Nov 06, Colombo: The Speaker of Sri Lanka parliament announced the Supreme Court's ruling on the controversial poverty alleviation legislation, Divineguma bill when the parliament reconvened Tuesday.
Announcing the Supreme Court ruling on the constitutionality of the legislation, the Speaker said the apex court has ruled that certain clauses of the Bill should be approved by a special two-third majority in the parliament.
The Supreme Court has decided that 11 clauses of the bill can only be approved by a two-third majority in the parliament while one of the clauses needs to be approved through a public referendum. However the clause can be amended to avoid a referendum.
Following the Speaker's announcement the Minister of Economic Development Basil Rajapaksa presented the Divineguma Bill to the parliament for second reading.
The controversial legislation aimed at alleviation of poverty in the country with the community participation proposes the establishment of a new Divineguma Department by amalgamating the Samurdhi Authority, Southern Development Authority and the Udarata Development Authority to better achieve the grassroots economic development.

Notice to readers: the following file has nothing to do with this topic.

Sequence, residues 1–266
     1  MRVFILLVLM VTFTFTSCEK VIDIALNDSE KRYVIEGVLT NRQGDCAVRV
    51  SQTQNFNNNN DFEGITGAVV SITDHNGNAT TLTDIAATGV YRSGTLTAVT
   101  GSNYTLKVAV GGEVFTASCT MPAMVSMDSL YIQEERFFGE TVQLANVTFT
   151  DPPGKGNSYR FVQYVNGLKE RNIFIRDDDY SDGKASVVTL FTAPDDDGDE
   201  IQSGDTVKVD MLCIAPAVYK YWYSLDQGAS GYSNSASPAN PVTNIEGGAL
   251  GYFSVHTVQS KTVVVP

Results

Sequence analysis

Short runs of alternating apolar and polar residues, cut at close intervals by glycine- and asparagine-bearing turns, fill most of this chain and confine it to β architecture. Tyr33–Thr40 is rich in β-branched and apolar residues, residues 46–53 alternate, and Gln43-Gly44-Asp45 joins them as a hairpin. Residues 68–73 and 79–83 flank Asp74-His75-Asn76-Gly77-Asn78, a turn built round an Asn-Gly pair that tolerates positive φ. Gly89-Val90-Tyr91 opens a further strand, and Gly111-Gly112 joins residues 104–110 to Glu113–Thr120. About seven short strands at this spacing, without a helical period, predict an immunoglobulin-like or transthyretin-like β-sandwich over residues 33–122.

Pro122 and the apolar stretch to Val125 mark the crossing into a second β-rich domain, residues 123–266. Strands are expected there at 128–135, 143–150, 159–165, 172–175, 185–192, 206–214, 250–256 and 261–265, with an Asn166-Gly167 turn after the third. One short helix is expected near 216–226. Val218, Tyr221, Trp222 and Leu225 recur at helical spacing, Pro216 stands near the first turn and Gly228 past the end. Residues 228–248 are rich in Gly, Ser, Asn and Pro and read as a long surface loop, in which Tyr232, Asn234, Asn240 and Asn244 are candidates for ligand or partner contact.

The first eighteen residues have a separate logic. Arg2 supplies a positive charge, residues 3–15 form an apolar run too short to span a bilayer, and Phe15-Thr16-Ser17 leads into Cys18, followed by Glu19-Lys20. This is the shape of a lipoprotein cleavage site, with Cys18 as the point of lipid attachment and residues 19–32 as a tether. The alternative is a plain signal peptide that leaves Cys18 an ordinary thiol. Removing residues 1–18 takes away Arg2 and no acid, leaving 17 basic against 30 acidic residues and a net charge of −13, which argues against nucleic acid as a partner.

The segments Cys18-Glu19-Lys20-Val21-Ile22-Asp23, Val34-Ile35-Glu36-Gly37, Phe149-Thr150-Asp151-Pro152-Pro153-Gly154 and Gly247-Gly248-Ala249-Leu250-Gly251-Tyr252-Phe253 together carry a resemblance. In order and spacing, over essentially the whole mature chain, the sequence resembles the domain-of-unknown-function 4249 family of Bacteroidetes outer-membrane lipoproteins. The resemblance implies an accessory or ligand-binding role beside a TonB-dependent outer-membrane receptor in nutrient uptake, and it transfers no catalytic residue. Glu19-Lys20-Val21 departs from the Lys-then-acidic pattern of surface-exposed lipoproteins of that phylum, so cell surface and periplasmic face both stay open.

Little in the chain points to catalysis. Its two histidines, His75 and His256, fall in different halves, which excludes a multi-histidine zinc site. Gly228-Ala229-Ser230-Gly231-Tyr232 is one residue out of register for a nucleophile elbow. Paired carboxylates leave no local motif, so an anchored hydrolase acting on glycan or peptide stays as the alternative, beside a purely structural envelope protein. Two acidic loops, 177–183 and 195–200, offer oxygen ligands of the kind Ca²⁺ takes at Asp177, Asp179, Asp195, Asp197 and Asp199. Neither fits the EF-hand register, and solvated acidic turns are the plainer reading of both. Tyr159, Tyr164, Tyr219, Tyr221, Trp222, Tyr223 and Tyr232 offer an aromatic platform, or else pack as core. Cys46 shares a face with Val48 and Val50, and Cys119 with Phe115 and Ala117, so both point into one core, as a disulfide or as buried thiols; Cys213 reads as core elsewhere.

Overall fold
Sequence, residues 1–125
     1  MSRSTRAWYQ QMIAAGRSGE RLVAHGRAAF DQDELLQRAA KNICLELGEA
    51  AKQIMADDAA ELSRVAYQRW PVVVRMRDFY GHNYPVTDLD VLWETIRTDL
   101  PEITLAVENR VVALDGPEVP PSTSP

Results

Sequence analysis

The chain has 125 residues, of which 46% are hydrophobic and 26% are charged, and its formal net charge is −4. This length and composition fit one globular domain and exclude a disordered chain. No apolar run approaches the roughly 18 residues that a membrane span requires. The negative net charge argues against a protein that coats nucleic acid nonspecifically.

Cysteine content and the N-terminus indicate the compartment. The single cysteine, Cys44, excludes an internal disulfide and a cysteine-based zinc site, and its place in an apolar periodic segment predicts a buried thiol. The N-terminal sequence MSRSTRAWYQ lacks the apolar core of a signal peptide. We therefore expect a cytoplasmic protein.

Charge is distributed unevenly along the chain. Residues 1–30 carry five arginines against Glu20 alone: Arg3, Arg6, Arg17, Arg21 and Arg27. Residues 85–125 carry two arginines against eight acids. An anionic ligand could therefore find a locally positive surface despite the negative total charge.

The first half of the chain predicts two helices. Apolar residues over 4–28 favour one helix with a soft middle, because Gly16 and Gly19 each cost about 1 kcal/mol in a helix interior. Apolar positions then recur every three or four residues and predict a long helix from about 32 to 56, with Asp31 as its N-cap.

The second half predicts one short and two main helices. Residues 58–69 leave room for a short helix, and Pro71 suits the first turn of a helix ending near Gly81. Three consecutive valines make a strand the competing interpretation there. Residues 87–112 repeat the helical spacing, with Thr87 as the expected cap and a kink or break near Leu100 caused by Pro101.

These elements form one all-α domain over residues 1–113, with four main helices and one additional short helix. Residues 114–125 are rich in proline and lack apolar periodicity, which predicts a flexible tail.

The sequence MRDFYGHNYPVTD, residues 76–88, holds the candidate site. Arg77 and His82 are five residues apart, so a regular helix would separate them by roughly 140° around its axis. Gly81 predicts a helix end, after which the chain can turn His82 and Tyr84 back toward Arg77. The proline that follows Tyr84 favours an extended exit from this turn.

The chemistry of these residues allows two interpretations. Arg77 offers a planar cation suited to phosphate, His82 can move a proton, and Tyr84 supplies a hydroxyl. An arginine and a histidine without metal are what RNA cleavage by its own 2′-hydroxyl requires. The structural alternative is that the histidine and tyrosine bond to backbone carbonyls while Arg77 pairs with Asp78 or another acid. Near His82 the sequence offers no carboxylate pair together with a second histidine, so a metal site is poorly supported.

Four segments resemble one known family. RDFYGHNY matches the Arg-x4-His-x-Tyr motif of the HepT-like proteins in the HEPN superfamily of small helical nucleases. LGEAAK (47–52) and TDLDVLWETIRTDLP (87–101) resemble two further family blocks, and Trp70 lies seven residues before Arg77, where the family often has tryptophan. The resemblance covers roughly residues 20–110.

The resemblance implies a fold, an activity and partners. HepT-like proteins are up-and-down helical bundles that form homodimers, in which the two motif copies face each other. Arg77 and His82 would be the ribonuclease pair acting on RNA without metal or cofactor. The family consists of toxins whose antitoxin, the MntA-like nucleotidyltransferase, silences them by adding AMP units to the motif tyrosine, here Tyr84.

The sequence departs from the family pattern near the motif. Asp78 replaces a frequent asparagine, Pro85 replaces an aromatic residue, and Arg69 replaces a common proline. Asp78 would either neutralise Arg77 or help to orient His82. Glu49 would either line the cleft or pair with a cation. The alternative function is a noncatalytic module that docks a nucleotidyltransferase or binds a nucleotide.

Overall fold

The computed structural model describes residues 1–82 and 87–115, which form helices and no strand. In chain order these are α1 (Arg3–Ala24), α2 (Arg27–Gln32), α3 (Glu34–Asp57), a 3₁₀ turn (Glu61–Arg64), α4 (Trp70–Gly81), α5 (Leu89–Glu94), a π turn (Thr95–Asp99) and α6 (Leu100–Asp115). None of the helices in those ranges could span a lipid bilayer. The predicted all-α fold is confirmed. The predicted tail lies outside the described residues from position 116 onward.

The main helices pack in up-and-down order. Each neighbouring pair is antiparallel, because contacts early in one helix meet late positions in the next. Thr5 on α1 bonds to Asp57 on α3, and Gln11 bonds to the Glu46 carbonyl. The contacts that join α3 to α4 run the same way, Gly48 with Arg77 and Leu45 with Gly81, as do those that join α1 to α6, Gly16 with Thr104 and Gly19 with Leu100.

The bill also aims to give a commercial value to home gardens through micro financing introduced under the proposed Divineguma Department.
However, when the Bill was presented to the parliament in August this year, it immediately drew opposition and was referred to the Supreme Court to determine its constitutionality.
The Supreme Court ruled that the bill cannot be approved in the legislature without being sanctioned by provincial councils and the bill was presented to all nine provincial councils for approval. Eight provincial councils had approved the bill and the Governor of the Northern Province approved the Bill for that Province which does not yet have an elected administration.
Minister Rajapaksa has earlier said that the government is ready to act according to the decision of the Supreme Court, even for a referendum if it is necessary.
The bill has drawn so much controversy that it has been scrutinized by the Supreme Court twice and also currently 14 petitions have been filed against the bill in the Supreme Court in support of and against the legislation.